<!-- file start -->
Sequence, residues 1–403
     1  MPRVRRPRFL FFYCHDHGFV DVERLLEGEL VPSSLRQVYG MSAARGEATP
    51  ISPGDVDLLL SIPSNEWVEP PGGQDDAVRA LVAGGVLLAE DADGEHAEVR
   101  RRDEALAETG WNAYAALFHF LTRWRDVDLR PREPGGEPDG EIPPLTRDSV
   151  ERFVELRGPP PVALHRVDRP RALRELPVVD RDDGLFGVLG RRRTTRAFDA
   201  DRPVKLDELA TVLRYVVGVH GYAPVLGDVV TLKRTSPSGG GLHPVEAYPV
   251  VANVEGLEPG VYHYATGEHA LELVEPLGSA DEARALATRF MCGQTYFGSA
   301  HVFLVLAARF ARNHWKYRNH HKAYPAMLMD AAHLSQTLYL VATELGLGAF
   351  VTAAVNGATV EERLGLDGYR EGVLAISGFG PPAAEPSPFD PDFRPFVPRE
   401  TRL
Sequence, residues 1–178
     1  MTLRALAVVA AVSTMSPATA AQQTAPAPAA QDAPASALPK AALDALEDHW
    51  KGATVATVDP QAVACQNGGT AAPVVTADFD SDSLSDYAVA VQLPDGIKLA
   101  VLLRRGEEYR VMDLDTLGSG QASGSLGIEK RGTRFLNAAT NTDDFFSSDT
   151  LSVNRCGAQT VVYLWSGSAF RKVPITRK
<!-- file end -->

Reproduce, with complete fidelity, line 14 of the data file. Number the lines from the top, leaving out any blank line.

   101  VLLRRGEEYR VMDLDTLGSG QASGSLGIEK RGTRFLNAAT NTDDFFSSDT